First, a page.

There are a couple of ways that critics view the marriages in the play. One view is to see the marriages as a way for the men to reassert their control over females. Others see the marriages as a way of restoring balance between the sexes.
There is no doubt that a double standard exists for men and women in society, especially regarding sex outside of wedlock. If a man and woman engaged in sex before marriage, it was blamed on the woman, who was seen as the villain in such a tryst. The man could never be blamed for the seductive powers of a woman.
Chastity was also important to any man considering marriage to a woman. No man wanted to marry a woman who had not remained a virgin. When Lucio is sentenced to marry any woman who comes forth and says he impregnated her, Lucio sees this as bad as "pressing to death, whipping and hanging". For Isabella, her chastity is not negotiable. Her moral standards are absolute, and she's angered that Claudio would dare ask her to even consider giving up her virginity in order to save his life.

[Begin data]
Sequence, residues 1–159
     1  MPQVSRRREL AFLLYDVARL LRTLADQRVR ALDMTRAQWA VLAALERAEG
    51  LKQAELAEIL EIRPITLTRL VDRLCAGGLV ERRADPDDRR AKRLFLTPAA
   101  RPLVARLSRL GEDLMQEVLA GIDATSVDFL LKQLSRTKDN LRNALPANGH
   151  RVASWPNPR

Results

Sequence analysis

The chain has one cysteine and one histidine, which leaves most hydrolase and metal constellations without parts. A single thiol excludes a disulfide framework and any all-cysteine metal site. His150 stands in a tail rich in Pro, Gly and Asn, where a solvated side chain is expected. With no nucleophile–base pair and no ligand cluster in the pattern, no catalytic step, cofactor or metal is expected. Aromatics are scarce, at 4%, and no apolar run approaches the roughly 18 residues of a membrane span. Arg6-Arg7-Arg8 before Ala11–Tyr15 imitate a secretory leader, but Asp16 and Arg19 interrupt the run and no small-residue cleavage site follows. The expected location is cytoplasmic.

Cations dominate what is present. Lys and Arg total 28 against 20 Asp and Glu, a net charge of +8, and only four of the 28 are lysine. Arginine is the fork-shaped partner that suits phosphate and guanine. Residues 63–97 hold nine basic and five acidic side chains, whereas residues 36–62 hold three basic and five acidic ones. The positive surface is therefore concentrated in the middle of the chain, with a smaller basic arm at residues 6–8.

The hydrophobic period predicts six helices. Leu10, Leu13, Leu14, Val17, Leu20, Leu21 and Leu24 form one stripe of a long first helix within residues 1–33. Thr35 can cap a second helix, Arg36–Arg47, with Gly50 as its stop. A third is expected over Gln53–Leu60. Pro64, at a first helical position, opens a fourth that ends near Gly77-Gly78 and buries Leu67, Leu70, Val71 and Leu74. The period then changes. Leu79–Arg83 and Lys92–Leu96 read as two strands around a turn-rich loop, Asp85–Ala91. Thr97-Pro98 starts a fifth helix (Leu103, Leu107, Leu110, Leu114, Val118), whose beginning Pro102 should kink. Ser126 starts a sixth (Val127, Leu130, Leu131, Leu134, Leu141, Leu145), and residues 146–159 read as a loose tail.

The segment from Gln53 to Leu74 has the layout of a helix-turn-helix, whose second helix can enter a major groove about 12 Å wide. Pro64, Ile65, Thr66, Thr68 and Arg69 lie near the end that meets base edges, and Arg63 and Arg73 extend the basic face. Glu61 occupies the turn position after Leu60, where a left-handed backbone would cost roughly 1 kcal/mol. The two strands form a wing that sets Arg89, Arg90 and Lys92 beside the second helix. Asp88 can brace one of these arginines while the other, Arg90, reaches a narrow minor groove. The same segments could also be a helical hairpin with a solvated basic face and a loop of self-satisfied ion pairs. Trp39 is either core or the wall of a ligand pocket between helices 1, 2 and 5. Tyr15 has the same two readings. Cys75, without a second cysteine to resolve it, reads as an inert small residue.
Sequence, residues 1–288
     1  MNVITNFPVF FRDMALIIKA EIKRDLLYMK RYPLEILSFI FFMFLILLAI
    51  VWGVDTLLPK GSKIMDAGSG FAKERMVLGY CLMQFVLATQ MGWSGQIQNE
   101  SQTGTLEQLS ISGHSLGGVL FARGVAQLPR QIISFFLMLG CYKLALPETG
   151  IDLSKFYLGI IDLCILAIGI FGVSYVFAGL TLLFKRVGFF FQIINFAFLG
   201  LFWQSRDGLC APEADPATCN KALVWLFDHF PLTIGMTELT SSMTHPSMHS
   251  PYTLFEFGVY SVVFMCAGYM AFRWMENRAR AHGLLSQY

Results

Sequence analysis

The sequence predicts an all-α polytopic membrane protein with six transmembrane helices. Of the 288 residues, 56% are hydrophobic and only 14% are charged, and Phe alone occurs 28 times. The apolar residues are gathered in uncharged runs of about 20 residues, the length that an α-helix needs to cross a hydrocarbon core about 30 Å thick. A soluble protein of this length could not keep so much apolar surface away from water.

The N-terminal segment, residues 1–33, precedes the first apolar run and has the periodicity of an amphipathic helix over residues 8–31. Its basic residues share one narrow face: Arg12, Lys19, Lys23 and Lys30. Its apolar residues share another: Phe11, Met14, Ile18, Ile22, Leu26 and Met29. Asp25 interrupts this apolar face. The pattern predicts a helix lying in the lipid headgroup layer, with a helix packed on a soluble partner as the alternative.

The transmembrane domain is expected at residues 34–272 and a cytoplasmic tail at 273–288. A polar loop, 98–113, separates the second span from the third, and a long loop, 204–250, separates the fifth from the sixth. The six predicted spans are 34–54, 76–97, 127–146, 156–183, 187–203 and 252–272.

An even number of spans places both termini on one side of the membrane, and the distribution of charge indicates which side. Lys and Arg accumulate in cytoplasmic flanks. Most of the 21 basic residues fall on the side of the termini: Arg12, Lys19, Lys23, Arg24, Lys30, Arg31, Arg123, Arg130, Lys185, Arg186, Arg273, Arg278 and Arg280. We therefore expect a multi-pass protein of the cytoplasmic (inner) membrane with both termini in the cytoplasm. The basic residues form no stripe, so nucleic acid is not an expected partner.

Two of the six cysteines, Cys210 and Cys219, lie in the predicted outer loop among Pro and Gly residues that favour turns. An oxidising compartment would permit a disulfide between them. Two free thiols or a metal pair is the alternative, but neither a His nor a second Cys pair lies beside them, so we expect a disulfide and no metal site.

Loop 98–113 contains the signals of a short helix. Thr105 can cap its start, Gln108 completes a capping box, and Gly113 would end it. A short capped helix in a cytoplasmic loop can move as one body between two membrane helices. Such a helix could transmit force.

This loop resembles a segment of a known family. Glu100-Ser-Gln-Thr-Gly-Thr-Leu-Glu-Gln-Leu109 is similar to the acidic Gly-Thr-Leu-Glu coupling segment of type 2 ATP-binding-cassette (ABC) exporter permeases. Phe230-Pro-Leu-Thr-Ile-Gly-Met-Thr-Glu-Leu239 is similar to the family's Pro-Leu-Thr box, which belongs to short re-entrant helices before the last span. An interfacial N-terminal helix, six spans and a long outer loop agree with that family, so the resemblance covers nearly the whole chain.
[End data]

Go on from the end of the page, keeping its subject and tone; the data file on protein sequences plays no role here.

The Duke also views the sentences of Claudio, Angelo, and Lucio as proper punishments for their behavior. It's not that the Duke is angry for what's happened to the women; it's more that he views the men as hypocritical and improper. Claudio got Juliet pregnant, and Lucio has impregnated no telling how many women. The Duke's anger at Angelo is his reason for Angelo's marriage to Mariana.